Former Financial Times owner Pearson reports sales fall in first quarter as it seeks 4,000 job cuts

 
William Turvill
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Publisher Pearsons To Sell Financial Times Newspaper
Pearson sold the Financial Times to Nikkei last year (Source: Getty)

Education company Pearson's share price was down slightly this morning after it reported a four per cent fall in sales in the first quarter of 2016.

The figures

Pearson, which sold the Financial Times and Economist last year, reported its revenue had fallen nine per cent year on year during the period.

The company said headline sales were down six per cent, or four per cent in underlying terms.

Read more: Pearson shareholders are really pleased it's cutting jobs

In January, Pearson announced plans to cut 4,000 jobs, representing 10 per cent of its workforce.

In its interim management statement today, it said half of the 4,000 have now been notified, with the others expect to be informed in the second half of the year.

Pearson expects to incur restructuring costs of £320m in 2016 to generate annualised savings of approximately £350m.

At its annual general meeting today, Pearson said it was proposing an unchanged final dividend of 34p, giving a total dividend of 52p, up two per cent.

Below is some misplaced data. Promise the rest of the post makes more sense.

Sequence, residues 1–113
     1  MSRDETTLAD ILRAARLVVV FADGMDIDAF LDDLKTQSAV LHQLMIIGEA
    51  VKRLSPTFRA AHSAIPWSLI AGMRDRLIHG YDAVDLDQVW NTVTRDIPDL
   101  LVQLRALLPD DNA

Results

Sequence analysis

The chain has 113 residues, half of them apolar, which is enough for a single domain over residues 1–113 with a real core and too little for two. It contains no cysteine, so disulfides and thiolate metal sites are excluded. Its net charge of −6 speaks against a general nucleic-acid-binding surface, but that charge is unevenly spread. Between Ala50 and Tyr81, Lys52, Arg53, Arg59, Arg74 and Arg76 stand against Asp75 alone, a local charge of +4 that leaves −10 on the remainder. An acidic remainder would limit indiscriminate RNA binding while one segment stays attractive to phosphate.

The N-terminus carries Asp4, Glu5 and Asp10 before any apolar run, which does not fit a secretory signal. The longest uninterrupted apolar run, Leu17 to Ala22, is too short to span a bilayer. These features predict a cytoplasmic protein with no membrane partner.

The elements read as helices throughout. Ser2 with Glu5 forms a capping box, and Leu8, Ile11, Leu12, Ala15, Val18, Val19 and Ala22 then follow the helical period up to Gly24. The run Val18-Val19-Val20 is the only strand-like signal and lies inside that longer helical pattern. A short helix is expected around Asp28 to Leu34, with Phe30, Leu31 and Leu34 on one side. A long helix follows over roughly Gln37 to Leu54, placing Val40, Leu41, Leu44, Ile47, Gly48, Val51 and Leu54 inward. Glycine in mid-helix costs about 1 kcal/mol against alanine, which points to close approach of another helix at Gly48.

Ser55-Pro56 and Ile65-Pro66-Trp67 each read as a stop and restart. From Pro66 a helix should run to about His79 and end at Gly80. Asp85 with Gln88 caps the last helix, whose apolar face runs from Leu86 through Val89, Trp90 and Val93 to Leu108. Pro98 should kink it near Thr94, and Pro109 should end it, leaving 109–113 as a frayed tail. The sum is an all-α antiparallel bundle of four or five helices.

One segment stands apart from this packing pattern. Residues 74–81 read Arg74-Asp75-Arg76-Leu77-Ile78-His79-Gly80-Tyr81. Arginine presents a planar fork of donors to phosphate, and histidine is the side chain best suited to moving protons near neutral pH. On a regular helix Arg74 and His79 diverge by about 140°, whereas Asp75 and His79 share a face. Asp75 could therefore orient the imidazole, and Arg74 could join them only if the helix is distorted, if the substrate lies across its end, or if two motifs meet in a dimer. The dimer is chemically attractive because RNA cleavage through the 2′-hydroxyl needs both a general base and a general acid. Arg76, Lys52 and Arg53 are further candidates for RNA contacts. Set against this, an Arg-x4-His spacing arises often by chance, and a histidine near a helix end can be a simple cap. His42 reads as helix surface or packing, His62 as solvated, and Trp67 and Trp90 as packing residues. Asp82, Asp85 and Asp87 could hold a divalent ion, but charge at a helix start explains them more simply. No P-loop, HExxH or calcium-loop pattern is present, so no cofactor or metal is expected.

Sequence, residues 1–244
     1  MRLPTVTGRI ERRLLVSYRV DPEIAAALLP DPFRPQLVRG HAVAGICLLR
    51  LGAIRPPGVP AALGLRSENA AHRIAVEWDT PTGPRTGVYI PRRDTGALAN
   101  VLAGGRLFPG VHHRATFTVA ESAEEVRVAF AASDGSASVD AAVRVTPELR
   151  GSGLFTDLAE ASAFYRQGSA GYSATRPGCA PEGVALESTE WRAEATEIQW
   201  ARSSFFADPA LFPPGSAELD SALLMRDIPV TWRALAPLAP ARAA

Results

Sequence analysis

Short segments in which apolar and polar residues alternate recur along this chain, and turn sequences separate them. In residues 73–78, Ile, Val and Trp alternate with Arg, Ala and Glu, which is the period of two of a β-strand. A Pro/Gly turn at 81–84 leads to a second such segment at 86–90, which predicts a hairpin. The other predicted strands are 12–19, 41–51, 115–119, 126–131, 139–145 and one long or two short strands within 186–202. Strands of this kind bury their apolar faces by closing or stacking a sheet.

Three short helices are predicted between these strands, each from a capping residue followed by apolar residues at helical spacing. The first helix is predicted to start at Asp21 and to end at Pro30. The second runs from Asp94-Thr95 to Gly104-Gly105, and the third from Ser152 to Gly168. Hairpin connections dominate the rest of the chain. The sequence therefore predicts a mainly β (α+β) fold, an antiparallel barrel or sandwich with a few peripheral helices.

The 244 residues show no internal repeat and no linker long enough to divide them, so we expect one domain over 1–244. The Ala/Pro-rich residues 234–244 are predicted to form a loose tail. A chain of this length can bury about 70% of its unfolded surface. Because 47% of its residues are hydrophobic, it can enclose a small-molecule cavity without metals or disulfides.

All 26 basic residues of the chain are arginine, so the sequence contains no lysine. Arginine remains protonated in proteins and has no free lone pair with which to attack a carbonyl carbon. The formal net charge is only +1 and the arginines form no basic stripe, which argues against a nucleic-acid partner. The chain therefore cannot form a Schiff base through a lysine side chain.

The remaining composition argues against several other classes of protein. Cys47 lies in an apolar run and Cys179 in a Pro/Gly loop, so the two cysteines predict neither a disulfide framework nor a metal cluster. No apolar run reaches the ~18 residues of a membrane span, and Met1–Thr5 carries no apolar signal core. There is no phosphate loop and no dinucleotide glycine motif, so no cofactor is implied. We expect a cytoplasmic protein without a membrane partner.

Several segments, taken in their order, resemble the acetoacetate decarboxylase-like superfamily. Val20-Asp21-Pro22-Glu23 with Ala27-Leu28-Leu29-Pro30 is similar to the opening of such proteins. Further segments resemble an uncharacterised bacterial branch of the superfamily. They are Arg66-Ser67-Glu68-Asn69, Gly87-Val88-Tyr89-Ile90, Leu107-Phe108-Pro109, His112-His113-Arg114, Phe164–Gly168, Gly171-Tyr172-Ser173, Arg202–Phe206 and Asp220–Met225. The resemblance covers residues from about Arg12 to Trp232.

Why it's interesting

Last year, Pearson sold the Financial Times to Japanese company Nikkei for £844m.

Read more: Sustained challenges place Pearson at a loss

It then exited news publishing altogether when it sold its stake in the Economist magazine to Italian investor group Exor for £469m.

In its trading update today, Pearson noted that the Financial Times, Economist and PowerSchool, which was also sold last year, contributed £40m to operating profit in the first half of 2015.

Pearson's share price was down 0.4 per cent to 811p at around 9am on Friday morning.

29 April 2016 @ 8:45amPearson (PSON)

What the company said

Chief executive John Fallon:

Pearson has had a solid start to the year, in line with our expectations. We are making good progress on our simplification plan and in our work to have a bigger impact on student learning, which will in turn support our future growth.

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